Beyond the Aegean

(Critical Survey of Contemporary Fiction)

BEYOND THE AEGEAN is the last in a series of novels about Kazan’s semiautobiographical character Stavros Topouzoglou. The others are AMERICA, AMERICA (1962), THE ARRANGEMENT (1967), and THE ANATOLIAN (1982). AMERICA, AMERICA and THE ARRANGEMENT were made into successful motion pictures, and Kazan’s new novel seems designed for future film adaptation. It has the same cinematic ingredients as Ernest Hemingway’s novel FOR WHOM THE BELL TOLLS (1940), including a love story set in a war-torn land where the protagonist is involved a lost cause.

Taking up where THE ANATOLIAN left off, BEYOND THE AEGEAN chronicles the Greek campaign to reclaim Anatolia (Asia Minor) from Turkey shortly after World War I. Stavros has become disillusioned with American materialism and materialistic American women; he welcomes the opportunity to live and prosper in a liberated Anatolia with an unliberated Anatolian wife. He feels he can help his countrymen best by using his American know-how and American connections to export Oriental rugs from the ancient port city of Smyrna.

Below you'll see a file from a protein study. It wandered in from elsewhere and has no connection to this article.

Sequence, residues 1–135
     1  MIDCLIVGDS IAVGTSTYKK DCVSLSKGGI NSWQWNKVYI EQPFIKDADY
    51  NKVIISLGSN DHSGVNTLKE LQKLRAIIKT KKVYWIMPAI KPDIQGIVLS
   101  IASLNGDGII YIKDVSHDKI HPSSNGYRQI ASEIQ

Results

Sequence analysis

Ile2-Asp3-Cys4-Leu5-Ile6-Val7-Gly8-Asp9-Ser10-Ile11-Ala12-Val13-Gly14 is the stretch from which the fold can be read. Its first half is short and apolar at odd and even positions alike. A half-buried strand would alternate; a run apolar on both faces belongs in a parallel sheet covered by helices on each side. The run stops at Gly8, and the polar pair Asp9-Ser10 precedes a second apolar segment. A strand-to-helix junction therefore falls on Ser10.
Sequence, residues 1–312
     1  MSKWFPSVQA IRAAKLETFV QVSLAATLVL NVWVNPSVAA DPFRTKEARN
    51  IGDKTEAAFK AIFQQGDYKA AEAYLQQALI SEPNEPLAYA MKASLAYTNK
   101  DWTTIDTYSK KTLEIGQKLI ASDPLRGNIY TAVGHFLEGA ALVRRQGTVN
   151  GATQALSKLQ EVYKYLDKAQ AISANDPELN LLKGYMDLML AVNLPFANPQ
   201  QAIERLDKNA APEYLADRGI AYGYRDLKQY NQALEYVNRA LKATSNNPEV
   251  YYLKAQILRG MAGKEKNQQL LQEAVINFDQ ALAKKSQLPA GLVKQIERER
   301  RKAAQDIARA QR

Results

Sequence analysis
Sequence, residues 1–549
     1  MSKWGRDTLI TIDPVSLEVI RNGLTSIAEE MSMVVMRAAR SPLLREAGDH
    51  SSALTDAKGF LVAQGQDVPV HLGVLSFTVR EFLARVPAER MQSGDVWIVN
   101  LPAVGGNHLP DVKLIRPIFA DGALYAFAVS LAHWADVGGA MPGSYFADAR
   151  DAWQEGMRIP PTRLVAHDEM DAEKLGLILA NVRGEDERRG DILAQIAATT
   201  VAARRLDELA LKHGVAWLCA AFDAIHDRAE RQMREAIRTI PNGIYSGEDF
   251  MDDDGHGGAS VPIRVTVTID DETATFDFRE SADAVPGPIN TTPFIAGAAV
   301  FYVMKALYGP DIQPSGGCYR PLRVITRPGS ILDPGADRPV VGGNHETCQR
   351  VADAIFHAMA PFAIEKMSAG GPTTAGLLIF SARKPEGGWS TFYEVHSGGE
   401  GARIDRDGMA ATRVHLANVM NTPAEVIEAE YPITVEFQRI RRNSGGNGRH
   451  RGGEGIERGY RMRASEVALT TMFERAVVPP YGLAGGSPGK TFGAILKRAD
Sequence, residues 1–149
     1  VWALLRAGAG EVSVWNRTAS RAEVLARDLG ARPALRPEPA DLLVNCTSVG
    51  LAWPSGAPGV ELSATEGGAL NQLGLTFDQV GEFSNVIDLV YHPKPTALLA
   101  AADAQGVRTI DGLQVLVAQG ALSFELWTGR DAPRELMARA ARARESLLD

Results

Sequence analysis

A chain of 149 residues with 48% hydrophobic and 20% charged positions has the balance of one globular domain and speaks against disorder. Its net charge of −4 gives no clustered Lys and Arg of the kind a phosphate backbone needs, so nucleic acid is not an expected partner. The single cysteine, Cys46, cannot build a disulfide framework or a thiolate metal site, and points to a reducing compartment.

The Greek incursion into Anatolia goes well as long as it is supported by Britain, France, and Italy; however, the dream of reconquest turns to ashes when the Greeks are abandoned by their powerful allies and overwhelmed by the Turkish army under the famous revolutionary soldier-statesman Mustafa Kemal. Stavros’s own dream of creating “another America in Anatolia” also ends in disillusionment. He returns to America but brings back an Anatolian bride, the passionate Thomna, hoping to salvage a tiny portion of his dream by creating a bit of Anatolia in America instead.

Elia Kazan, now eighty-five years old, is one of America’s most distinguished artists. He has achieved fame as a theatrical director, as an Academy Award-winning film director, and as a novelist. With his extensive cinematic experience, Kazan is able to create many colorful characters and striking dramatic scenes in his new novel.

The mixture of fact and fiction, however, is uneven; the burden of explaining history, geography, politics, commerce, and the complex ethnic relations in this ancient land threatens to capsize the story. Stavros is a merchant, an outsider, and an “American”; his entanglement in political and military matters often seems implausible.